However, when I compared it to the week before the update, my traffic was only down 10%. I don’t worry about losses at this amount as it could just be less people searching that week.
Lots of things can happen around a big Google update with lots of movement. It seems in this case (and I noticed it on some other sites with that update too) that my rankings improved in the week leading up to give me my best traffic week ever at that point which made it look like the update negatively impacted me.
When actually if I looked at the period around it – so a bigger picture – it wasn’t an issue.
Even better was when I waited another week and looked again. The following is showing the same 4 days straight after the update in the previous graph (in orange) compared to the week after the update:
So actually, overall I had a positive impact from that update – it just didn’t look like it straight after the update took place.
This is why if you are someone panicking in my Facebook group about an update around the time it’s happening; I’ll tell you to wait to see the full impact. It’s not me not caring or not understanding. You just don’t know straight away.
I actually had the same thing happen with another two sites in the January 2020 update. So check for this.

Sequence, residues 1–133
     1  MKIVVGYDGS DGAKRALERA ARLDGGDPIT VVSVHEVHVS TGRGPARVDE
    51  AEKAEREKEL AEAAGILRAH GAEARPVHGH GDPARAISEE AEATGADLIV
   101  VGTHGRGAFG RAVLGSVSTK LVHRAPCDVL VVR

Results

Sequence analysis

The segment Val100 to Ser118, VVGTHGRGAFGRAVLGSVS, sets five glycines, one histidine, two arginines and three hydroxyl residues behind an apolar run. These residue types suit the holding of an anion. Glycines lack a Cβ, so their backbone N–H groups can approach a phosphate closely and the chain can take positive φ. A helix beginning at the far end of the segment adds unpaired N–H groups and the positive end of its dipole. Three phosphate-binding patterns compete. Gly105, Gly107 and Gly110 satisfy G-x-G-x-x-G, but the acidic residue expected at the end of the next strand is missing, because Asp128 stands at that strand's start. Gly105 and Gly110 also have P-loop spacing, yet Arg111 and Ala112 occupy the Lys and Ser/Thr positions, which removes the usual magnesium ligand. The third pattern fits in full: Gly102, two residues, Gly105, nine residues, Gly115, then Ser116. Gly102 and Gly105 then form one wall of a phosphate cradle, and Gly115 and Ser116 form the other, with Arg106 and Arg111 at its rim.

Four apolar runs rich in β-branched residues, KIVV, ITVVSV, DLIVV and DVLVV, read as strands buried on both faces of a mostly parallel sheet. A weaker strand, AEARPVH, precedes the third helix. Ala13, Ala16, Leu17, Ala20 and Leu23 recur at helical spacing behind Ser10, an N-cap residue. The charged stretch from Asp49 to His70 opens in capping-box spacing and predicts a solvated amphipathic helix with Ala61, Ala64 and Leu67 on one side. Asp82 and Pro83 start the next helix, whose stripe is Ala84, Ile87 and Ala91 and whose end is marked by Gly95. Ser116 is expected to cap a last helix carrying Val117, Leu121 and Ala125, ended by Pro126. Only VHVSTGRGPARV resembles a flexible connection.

Step 3: Some other checks if your Google traffic is down
If the last step shows you that your Google traffic is down, then there are two more things to check at this point.
1. Do you have a Google penalty?
Check in search console to see if Google has sent you any messages about a penalty.
You can see messages at the top right hand corner where there is a bell symbol when you are logged in.
2. Check your search rankings for your main keywords
Are they down? It could just be seasonal if your rankings are still good and this is why I track keyword rankings rather than overall traffic – it gives me a much clearer picture of what I’m trying to achieve.
If your rankings are what you expect, you can also use Google Trends to see if this is just a low time of year for your niche area and keywords. Or even better, see if you had a similar dip last year around the same time.
You can see how I track rankings using KeySearch here. You can also look at Search Console to see what changes there are to your rankings but note that these are usually a few days behind what’s happening right now.
Is there a reason you could be getting less traffic?